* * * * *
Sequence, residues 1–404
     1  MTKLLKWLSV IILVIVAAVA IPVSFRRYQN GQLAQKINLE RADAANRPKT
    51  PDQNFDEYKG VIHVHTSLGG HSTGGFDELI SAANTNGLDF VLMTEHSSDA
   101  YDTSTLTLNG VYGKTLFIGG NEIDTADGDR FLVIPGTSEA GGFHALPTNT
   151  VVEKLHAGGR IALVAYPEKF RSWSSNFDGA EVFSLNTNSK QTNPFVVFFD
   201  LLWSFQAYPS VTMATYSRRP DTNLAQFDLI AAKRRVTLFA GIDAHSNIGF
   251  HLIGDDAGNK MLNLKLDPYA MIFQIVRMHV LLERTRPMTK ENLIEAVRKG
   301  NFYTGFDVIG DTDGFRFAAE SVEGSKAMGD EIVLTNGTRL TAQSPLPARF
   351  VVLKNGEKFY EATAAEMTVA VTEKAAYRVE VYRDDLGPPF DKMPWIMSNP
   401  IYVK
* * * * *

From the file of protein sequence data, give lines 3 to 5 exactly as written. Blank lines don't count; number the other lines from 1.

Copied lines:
    51  PDQNFDEYKG VIHVHTSLGG HSTGGFDELI SAANTNGLDF VLMTEHSSDA
   101  YDTSTLTLNG VYGKTLFIGG NEIDTADGDR FLVIPGTSEA GGFHALPTNT
   151  VVEKLHAGGR IALVAYPEKF RSWSSNFDGA EVFSLNTNSK QTNPFVVFFD